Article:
NIST, the National Institute of Standards and Technology, holds a pivotal role in shaping technology and cybersecurity protocols across diverse sectors. Through its cybersecurity framework (CSF), NIST furnishes a comprehensive set of guidelines for organizations to protect themselves from cyber threats. Widely acknowledged and continually updated, NIST’s standards and guidelines adapt to emerging risks and technological advancements.

Compliance with NIST protocols is often obligatory for entities in regulated fields like finance and healthcare. Organizations can bolster their defense against cyber threats, diminish the likelihood of data breaches, and ensure compliance with relevant regulations— all by adhering to NIST’s recommendations. NIST’s influence on the technology and cybersecurity industry is undeniable, and its consistent efforts to champion security and innovation are imperative for protecting both enterprises and their consumers.

Achieve NIST Compliance with BigID

For organizations looking to stay up to date with NIST CSF 2.0— BigID has you covered. Our data-centric approach to security combines deep data discovery, next-gen data classification, and risk management. Know where your data is located, how sensitive it is, and who’s accessing it to meet the guidelines of NIST cybersecurity framework.

With BigID you can:

  • Map to NIST: Learn how to align with the NIST frameworks for cybersecurity (CSF) – and how to improve your data risk management, privacy posture, and security program in a single unified framework.
  • Know Your Data: The ability to identify your data is the first critical step in both the NIST Cybersecurity Framework and the NIST Privacy Framework. In order to reduce risk, organizations need to identify all their data, everywhere. BigID’s data discovery and classification helps organizations automatically identify their sensitive, personal, and regulated data across the entire data landscape.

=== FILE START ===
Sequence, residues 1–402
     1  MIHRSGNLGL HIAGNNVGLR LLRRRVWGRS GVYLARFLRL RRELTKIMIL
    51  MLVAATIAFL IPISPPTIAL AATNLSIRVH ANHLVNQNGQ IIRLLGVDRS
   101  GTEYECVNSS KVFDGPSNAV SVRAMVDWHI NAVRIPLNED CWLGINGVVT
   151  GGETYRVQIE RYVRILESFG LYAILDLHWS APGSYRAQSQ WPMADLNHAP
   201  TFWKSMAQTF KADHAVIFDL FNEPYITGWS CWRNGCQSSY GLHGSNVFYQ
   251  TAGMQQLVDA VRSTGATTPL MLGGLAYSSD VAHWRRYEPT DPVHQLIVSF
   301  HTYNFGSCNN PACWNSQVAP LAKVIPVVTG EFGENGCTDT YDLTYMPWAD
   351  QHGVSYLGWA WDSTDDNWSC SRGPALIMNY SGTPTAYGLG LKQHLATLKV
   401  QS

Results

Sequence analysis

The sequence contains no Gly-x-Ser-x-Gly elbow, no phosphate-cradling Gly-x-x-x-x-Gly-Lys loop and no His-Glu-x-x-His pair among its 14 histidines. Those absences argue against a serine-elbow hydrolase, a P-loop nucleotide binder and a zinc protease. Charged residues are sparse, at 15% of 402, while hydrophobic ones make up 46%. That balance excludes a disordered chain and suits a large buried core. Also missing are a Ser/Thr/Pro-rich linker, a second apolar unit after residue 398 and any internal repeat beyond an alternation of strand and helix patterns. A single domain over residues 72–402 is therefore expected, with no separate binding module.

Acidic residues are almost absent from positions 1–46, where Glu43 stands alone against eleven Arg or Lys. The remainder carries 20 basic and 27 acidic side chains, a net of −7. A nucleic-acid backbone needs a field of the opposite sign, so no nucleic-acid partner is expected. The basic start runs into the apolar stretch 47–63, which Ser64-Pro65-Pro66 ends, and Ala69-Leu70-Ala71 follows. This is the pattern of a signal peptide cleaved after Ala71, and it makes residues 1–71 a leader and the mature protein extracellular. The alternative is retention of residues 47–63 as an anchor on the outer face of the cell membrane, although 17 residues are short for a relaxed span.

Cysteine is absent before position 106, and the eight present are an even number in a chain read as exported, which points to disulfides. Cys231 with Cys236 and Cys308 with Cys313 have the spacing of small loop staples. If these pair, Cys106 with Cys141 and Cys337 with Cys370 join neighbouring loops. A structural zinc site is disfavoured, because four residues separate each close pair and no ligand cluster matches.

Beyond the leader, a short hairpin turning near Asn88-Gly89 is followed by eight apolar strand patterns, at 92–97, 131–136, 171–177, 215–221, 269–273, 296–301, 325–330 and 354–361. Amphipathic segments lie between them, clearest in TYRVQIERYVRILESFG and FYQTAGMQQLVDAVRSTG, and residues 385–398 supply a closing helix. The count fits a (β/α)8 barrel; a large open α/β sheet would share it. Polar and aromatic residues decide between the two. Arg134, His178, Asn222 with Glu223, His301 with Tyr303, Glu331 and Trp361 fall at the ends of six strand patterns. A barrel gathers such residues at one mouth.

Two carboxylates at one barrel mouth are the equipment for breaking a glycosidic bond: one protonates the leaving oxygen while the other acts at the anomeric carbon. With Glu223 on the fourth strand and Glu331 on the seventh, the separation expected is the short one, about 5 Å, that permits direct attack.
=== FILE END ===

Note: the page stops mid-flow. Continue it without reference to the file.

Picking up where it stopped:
• Data Classification: NIST recommends using three categories — low impact, moderate impact and high impact— to classify all data, everywhere in order to meet compliance for data privacy and data protection. Classify by category, type, sensitivity, policy, and more with BigID’s advanced data classification capabilities.
  • Reduce Risk: Manage access to sensitive and critical business data – organizations need to incorporate access control to identify who has (and who should have) access to sensitive data. BigID’s Access Intelligence App helps organizations identify and remediate high-risk data access issues with ML-based insight to identify and prioritize file access risk.
  • Incident Response: When incidents happen, every second counts. BigID’s identity- aware breach analysis effectively assesses the scope and magnitude of a data breach. Quickly determine which users and personal data have been compromised and respond in accordance to NIST.

Bring your security programs up to speed and achieve compliance for NIST CSF 2.0 — schedule a 1:1 demo with our experts today.